The skin on the Gnarlhorn was actually a bit of an experiment for me. I'd had this idea in my head for quite some time about how to add texture such as a fur, wood, or bone to a model. On the Gnarlhorn I added a fur texture to the smoothly sculpted muscles. The Gnarlhorn was my first attempt at the technique. I started by laying down a solid brown midtone in this case the color Beasthide mixed with Idrian flesh. Next comes the tricky part I paint a texture on over the base coat using a very bright color. In this case, using 'Jack Bone, I painted a multitude of furry lines in such a fashion that they accentuate the volume of the muscles. After this stage the model looks terrible because the contrast is very pronounced. Then I "bury" the basecoat and texture under a series of shades. Starting with a shade just darker than the original base coat I use the first few shading steps to separate each muscle from its neighbors. Each layer is two-brushed so that the color is pulled out over the muscle. I add a bit of matte medium to my mixes, which lends the paint translucency. The next few layers are used to define the shadows. Lastly highlights are added with an extremely fine tipped brush (I suggest WN series 7 *miniature size 1or2) try to highlight sparingly so that it appears that light is glinting off the hairs. I also used this technique on the horns of the Gnarlhorn basing with Menoth White Base and texturing in lines of Morrow white and then shading with many layers. If you are planning on trying this technique be sure to learn to two-brush blend first since it is the key to success.

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    QUOTE (syrme @ Sep 10 2007, 06:50 AM)
    First question - How do you do the rust on the mariner/buccaneer warjacks?


    Ron painted the Mariner and Buccaneer but seeing as I painted the new Freebooter warjack I figured I'd be able field this one. Rust can be a really fun effect to apply to your warjacks and can look great if placed in the correct places and used sparingly. The color of rusr ranges from bright orange to dark red with almost infinte variation. For painting rust I like to use either Bloodtracker Brown or Bloodstone as a starting point and from there I add either Khador Red Highlight or Skorne Red to get the exact color I'm looking for. In the case of the Freebooter I mixed Bloodstone with Skorne Red and a dot of Sanguine base (added to deepen the color). As most of you proably know rust is caused by water and builds up over time so we want to apply our paint to the crevices and undersides of our model where water would naturally run to and gather. If you are simulating paint chips they also get get rusted since there would be no protective paint coating to inhibit the rust on your jack. The best way to get a feel for where these areas would be is to check out some realife examples of old rusted materials there is also a plethora of good refference material on the internet. I apply the paint to these areas and then quickly use a second brush wetted with "blending medium" to pull a dripline down in a natural fashion. The important thing to avoid with with you drip line is a "ball" forming at the end of your drip as this is unrealistic; if done correctly your drip should fade smoothly into the background color.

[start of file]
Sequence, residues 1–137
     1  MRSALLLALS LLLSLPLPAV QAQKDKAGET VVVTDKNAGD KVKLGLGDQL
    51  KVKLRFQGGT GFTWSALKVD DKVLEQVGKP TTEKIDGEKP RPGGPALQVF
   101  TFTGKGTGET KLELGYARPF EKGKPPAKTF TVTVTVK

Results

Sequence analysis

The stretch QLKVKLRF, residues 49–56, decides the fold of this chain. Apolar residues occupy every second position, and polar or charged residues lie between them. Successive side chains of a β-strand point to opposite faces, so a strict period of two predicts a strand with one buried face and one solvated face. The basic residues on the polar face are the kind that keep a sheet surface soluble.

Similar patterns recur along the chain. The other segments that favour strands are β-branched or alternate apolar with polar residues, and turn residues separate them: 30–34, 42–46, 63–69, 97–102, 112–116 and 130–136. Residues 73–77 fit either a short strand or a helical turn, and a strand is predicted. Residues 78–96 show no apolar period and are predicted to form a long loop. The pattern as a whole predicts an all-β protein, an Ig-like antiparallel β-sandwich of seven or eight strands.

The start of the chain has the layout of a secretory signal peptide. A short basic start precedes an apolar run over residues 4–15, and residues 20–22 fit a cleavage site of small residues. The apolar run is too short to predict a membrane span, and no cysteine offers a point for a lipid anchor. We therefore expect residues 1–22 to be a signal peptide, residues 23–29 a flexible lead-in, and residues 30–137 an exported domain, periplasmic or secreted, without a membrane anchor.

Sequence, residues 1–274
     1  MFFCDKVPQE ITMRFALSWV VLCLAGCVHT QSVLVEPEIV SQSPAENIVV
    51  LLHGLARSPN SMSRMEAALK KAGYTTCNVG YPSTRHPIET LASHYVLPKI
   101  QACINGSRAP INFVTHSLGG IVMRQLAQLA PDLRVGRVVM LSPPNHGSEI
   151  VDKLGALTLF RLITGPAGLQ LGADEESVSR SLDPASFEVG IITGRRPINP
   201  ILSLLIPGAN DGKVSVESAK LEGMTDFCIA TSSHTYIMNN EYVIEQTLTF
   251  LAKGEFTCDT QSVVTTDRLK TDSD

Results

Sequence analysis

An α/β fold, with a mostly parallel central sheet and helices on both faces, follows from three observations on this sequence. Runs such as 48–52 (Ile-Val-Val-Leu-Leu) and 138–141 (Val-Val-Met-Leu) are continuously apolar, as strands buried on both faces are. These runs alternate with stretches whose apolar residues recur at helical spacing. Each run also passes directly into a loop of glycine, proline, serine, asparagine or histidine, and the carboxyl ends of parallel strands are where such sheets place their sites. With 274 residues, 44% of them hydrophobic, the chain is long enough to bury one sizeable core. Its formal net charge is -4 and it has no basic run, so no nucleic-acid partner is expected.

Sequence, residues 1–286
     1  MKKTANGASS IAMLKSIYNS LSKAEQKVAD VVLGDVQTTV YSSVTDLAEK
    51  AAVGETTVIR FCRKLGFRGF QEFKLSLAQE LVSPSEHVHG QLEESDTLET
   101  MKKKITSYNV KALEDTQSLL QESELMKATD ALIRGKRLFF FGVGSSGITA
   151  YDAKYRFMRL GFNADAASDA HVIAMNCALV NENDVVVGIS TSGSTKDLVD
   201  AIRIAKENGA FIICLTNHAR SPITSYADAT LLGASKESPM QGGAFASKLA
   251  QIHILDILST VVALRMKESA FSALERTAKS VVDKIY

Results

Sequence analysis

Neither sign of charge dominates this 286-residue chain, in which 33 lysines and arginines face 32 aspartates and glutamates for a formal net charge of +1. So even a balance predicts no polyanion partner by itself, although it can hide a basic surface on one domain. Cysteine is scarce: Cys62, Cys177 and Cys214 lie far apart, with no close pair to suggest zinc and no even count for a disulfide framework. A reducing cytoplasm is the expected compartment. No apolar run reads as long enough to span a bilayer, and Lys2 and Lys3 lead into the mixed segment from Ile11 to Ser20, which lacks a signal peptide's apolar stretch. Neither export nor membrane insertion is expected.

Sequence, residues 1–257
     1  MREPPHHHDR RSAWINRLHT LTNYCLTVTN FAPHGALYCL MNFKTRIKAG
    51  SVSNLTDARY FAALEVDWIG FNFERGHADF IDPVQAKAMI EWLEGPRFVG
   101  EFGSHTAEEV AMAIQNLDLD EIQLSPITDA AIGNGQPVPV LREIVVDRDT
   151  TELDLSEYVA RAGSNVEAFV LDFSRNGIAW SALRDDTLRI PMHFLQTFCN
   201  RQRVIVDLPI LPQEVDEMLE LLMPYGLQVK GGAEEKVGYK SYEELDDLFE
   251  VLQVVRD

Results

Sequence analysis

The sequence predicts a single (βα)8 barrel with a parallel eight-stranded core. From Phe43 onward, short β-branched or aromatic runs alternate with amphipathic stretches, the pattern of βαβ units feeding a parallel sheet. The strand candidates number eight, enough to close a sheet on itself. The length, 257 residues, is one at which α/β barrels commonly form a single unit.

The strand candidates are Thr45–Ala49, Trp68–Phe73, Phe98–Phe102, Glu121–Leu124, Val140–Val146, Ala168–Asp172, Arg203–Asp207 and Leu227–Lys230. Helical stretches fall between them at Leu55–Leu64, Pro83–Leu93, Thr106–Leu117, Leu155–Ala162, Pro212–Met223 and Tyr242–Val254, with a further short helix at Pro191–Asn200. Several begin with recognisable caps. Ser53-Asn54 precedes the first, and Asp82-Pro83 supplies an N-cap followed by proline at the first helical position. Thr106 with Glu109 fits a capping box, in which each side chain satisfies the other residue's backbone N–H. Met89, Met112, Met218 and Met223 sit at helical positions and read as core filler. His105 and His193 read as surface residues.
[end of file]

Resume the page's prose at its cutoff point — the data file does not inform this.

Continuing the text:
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    QUOTE (legionaires @ Sep 23 2007, 10:13 PM)
    Im just curious, what is the bluish color the studio is using for the cracks and highlights on the Skorne Ancestral Guardians and Immortals?


    The bluish color is Coal Black.

    Paint half of each section with coal black mixed with thamar black leaving the other half black under coat. The next highlight is coal black by itself. Then do line highlights with coal black mixed with MWB and MWH for sucessive highlight stages.

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    QUOTE(Mongre @ Oct 2 2007, 10:40 AM)
    What P3 paints would you use if you were trying to replicate the 5th Border legion scheme for Khador (eg. on a Kodiak)?

    Traitor green is quite close to the "olive drab" of the 5th border legion though I'd add a little bastion grey to dull a bit. Battlefield brown or CXB would be good shade colors and coal black could be mixed in for deeper shadows. The highlights could be achieved by adding CXH followed by MWH.
    "All instruction is but a finger pointing to the moon; and those whose gaze is fixed upon the pointer will never see beyond. Even let him catch sight of the moon, and still he cannot see its beauty."
    -Teachings of the Buddha

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    [quote name='Woland' date='Nov 1 2007, 11:29 AM' post='1969278']
    I'd love to know formula for the fleshtones on Gudron the Wanderer.


    Glad you like them..

    Here is what I used to get a natural "red-brown" skintone..

    1- basecoat the skin - beast hide
    2- 1st shade - 1:1 mix of bloodstone and bloodtracker brown (I add matte medium and blend it into the shadowed areas)
    3- 2nd shade - add umbral umber to the above mix until it's quite dark (try to just apply this shade to the deeper areas)